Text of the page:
Last Dance with the Horror

As the last and final selection for the horror film course, I felt that this Martyrs (2008) was quite drastic and shocking. It was quite a loud and horrific was to end the semester, and I felt quite disturbed as I watched the events unfold throughout the film. Unfortunately, I had to watch this movie alone since I was abroad during the filming in class. I describe it as unfortunate merely because it was quite unpleasant to watch as it is, which was harder to keep focused for me since first I had the option to pause, and second I didn’t really have someone to share my fear reactions with.

All the scenes of torture made me feel so uneasy, and it made finishing the movie difficult to achieve as the theme was so unsettling for me personally. The way that Pascal Laguier presented the concept and scenes were successful in making the audience feel discomfort. The title of the film threw me away, because I didn’t initially read the synopsis before watching it, and I didn’t expect to see what I ended up watching throughout this French-Canadian horror drama. I do understand though the appeal that this kind of movie might have on certain people, especially those who appreciate this form of sub genre to the horror.

In Linda William’s text, “Learning to scream”, she brings up a topic on the “perverse pleasures of cinema”, which I think can actually indeed apply to this film. The vividness of her example “Psycho” was a similar effect as to how vivid this film was, and how it could haunt anyone from the audience after watching the entirety of the film (or even just a small glimpse of the torture scenes). Her line about horror fanatics or viewers of the genre rather getting that sense of thrill in a “rollercoaster sensibility of repeated tension and release, assault and escape” is something that depicts what “Martyrs” feeds the audience. The female victims, gave you a sense of urge to want to help them and relieve their pain whilst also being helpless in the process since you’re limited to being just a viewer of the horror piece of art.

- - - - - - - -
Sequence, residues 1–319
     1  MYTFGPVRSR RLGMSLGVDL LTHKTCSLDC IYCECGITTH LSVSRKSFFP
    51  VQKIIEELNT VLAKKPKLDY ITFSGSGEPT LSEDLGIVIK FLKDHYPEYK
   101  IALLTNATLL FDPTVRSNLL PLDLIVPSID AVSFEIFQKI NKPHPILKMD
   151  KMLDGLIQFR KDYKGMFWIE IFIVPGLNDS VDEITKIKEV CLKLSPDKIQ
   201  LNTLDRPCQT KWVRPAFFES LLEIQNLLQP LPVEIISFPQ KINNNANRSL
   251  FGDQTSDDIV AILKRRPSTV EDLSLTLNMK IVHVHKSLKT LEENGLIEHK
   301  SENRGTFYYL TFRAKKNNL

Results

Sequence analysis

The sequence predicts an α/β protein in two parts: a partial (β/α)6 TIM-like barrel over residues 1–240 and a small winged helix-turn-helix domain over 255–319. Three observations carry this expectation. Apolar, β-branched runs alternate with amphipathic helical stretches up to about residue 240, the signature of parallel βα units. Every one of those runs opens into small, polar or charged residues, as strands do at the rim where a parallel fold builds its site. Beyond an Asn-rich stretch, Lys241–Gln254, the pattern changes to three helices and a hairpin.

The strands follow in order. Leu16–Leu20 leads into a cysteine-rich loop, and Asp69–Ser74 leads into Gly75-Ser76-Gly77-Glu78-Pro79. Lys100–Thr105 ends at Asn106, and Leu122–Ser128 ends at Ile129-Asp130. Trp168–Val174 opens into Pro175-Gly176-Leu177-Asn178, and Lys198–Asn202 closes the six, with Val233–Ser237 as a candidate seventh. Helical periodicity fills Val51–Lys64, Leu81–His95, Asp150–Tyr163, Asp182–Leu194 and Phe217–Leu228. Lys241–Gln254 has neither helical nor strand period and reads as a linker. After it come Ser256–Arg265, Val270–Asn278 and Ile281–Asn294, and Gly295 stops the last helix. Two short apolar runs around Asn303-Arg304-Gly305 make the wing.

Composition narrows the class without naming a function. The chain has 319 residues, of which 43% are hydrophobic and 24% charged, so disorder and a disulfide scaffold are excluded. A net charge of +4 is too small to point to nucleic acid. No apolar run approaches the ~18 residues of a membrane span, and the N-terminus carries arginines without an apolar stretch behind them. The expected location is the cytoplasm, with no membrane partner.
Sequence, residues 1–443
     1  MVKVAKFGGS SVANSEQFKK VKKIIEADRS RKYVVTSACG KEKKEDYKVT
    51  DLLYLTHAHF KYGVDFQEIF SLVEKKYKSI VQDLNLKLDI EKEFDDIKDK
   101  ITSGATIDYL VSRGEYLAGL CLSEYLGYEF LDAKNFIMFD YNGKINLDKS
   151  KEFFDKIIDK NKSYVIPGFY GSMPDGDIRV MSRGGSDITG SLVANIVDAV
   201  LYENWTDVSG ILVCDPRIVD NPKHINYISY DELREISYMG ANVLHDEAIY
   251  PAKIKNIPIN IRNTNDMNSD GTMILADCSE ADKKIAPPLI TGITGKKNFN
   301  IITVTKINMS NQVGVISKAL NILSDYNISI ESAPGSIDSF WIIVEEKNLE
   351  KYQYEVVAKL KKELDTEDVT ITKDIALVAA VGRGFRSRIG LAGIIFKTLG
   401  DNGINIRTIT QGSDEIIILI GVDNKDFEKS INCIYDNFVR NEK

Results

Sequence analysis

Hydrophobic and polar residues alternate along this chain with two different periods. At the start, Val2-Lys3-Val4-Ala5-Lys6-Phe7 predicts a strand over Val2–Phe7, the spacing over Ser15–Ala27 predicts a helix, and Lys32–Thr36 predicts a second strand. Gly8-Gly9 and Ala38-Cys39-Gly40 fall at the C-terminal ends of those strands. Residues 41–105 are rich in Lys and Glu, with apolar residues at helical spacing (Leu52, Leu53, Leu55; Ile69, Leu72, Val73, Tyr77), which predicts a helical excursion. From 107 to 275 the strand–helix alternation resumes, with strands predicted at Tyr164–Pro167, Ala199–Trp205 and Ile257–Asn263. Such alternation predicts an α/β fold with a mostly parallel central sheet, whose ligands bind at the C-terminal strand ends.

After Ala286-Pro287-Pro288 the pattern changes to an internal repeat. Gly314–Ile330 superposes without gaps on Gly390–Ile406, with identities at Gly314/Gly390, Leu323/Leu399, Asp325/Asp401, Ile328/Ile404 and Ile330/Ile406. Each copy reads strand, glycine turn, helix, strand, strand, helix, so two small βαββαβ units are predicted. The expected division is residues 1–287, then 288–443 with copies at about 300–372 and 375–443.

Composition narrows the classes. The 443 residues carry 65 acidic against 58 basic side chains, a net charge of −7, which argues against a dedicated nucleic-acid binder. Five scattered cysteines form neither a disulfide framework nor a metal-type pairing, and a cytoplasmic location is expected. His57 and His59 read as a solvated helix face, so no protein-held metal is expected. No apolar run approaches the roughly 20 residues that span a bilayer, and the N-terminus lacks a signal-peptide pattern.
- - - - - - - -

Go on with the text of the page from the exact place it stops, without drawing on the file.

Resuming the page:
Williams brings in Carol J. Clover’s concept of abject fear being “gendered female” coming from her “Men, Women and Chain Saws”. More often than not, just like in this film, it is effective to place a female as the object of the victim who is experience all types of personal horror. Watching the said gender being terrified becomes more effective is you would compare that the victims of this particular movie were to be males. “The terrified female victim is a cliché of horror cinema: both the display of sexual arousal and the display of fear are coded as quintessentially feminine”, Williams says. This is fact represented and verified as you watch the female characters play roles of victims to the torture that takes place in certain scenes in the film.

To end this course, Martyrs was definitely a way to finish with a “bang”. The scenes that were drastic were ones that I feel will stick to me; making this choice one that I probably wont forget from this horror film class. Much has evolved under the horror genre since this version of the film was made, and after this I look forward to trying out the remake 2015 version that stars an actress that I’ve grown to like due to her other thriller drama, Freeform series called Pretty Little Liars. From there, I think that I can make the proper and adequate comparisons as to the vision and the cultural difference that has been taken into consideration with the newer version of this intense horror drama.

 

Reference:

Linda Williams, “Learning to Scream”

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